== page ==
As we hit Mile 5…I did 2 things.  I slowed for a moment to pull the KDF Marathon Race Ambassador shirt off so I could cool down.  This happened just as I heard, “There’s Karen.”  So I waived, tucked my Ambassador shirt into my fuel belt…and then I fueled.  A whole mile early.  Because my legs were starting to resist my determination to keep going.  Everything was a cluster now.

Tim and the rest of the 1:40 group were still in site…but not really within distance to catch now.  And my body was not feeling the pace.  I told myself to hang on through Churchill Downs.  So…for at least 3 more miles.  I could suffer for that long, right?

I managed.  My pace dropped little-by-little until I rounded the corner at the split…hit Mile 9…and took a walk at the water station.  I carry my own water with me on half marathons and marathons.  Usually if it’s a double-digit run, I have water and fuel with me.  I didn’t care.  I hit that water stop, I slowed.  I took a cup from a lovely volunteer.  I took a sip.  The rest went on over my head.  It cooled me down…and I made myself start running again.

From here on out…it was down to running smart…not running fast.  Since any attempts to hit a certain time goal went away with the 90 minute delays…now it was just about crossing that finish line.  I didn’t care how long it took me…I was down to the last 5 miles regardless.  I managed to make water stops the rest of the way toward the finish…even when I said I would keep running and no more walking…if I needed to throw water over my head…I did it.  And, as I found out in Disney, that really works.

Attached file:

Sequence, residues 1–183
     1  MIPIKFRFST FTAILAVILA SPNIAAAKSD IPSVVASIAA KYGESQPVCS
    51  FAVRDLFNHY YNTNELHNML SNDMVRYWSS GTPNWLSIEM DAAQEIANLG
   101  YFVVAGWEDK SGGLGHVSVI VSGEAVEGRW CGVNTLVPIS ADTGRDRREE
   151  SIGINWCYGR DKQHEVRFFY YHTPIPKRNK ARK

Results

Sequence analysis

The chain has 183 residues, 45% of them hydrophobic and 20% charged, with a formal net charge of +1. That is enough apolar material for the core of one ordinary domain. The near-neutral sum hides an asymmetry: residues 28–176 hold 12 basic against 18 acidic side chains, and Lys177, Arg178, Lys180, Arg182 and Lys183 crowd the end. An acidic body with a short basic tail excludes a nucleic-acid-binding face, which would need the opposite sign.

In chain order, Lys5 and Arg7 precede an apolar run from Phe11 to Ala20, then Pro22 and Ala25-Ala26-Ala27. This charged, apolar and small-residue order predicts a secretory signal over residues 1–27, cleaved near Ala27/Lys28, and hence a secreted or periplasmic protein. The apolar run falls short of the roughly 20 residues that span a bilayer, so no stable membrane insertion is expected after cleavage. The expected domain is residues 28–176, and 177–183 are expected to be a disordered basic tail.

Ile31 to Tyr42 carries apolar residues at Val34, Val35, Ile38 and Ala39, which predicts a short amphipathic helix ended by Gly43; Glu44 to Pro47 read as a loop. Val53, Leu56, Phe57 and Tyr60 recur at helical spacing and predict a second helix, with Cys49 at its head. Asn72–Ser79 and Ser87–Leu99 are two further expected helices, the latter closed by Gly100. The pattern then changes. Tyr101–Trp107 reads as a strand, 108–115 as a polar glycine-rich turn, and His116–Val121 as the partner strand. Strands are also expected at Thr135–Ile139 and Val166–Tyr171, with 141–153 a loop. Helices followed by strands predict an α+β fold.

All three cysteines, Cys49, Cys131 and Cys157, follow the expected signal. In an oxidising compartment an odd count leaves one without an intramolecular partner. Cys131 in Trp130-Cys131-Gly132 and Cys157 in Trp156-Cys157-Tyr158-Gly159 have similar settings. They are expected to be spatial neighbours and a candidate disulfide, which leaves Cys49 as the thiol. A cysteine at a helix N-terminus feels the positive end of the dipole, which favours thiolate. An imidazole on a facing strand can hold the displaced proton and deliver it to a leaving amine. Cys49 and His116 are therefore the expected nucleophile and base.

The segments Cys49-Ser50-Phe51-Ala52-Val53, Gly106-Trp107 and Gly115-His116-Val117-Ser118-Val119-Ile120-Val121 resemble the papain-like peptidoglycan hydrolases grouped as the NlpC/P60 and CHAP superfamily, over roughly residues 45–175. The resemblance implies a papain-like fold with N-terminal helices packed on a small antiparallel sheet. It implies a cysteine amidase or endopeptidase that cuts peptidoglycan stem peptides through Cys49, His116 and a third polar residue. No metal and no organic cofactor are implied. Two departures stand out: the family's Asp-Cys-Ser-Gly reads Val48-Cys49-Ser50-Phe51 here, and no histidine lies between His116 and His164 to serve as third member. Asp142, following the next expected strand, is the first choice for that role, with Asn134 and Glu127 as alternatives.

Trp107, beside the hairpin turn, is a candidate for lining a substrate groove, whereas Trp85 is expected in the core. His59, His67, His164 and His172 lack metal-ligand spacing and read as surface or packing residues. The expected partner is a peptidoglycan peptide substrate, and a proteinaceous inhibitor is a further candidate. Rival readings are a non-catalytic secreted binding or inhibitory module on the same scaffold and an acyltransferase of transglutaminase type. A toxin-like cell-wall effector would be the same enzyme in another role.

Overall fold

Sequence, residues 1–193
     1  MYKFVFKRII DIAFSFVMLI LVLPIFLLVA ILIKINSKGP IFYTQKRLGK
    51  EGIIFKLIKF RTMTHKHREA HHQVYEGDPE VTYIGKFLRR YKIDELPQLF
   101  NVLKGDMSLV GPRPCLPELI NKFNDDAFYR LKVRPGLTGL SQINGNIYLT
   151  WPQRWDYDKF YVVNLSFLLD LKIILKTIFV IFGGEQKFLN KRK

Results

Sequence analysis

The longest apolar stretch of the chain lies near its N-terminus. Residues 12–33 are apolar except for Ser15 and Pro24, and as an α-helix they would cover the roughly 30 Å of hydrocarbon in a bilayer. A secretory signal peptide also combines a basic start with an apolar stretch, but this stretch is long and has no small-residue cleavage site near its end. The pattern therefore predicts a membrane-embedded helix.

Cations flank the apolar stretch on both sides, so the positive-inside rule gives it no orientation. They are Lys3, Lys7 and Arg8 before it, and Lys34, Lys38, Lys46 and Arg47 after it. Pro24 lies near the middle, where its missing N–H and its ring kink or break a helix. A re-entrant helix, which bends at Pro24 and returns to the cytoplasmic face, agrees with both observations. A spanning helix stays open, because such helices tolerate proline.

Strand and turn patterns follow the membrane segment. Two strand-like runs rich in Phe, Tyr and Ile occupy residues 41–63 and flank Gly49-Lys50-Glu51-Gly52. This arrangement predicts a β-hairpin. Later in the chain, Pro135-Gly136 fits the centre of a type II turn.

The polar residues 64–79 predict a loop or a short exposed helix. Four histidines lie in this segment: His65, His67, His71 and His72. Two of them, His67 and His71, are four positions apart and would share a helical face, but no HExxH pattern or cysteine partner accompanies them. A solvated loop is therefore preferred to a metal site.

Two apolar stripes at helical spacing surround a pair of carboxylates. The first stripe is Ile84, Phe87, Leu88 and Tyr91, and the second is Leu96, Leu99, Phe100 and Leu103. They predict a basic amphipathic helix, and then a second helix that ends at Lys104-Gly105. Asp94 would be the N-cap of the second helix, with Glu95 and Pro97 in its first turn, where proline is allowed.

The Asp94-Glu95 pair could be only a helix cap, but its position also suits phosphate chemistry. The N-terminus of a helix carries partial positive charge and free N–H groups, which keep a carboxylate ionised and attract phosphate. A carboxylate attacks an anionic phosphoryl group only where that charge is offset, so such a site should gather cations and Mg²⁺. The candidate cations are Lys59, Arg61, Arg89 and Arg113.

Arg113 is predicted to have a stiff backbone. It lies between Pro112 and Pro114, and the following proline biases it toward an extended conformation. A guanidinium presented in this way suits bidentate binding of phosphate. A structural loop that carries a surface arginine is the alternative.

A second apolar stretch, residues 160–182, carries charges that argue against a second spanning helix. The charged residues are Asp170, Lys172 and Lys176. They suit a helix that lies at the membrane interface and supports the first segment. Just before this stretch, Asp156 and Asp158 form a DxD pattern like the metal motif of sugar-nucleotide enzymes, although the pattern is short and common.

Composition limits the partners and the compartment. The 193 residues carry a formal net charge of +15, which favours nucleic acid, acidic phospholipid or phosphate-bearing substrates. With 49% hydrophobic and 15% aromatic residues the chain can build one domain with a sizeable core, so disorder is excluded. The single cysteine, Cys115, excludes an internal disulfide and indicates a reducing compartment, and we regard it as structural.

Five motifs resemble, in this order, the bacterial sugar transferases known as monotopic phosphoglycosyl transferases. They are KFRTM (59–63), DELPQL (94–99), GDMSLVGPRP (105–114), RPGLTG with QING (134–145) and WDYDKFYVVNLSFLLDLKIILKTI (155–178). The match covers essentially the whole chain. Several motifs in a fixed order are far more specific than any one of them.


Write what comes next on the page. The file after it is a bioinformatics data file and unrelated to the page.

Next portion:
It did, however, work better at Disney…when I wasn’t under-fueled and also dying from the humidity.  At about Mile 11, I had caught up to Pete, a guy who ran with Matthew and I a couple of times before the Norton Sports Health Training Program kicked in and before I was injured.  I had to slow again for one last shower of water, so he got too far ahead of me again.  I had to slow to walk and water myself for about 3 more times before I knew that finish line was close.  This was my Dark Side Half Marathon all over again.  But worse.  My splits were hitting in the 8’s…which I never touched (despite walk breaks) at Disney.

I felt…miserable.

But I am nothing if not persistent.

I could taste that finish line.  And it wasn’t far.  I could hear the announcer.  I could see Slugger Field.  That meant…it was just around the corner.

And there it was…the turn!!

I never put the Ambassador shirt back on.  I had it tucked in my belt…but to stop to wriggle back into it might mean I wouldn’t start again.

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Me crossing the finish line of the KDF miniMarathon

I took the turn.  And while I didn’t feel like moving any faster, I attempted to pick up my pace.  That finish line was in site…all I had to do was run over it.  I focused on that line alone.  I heard Cathy screaming on the sideline…and I ran down the stretch and passed under the arch.

DONE.

I was…done.  I also felt like crap.

But Dan spotted me at the finish line and called out my name over the bullhorn.  HA!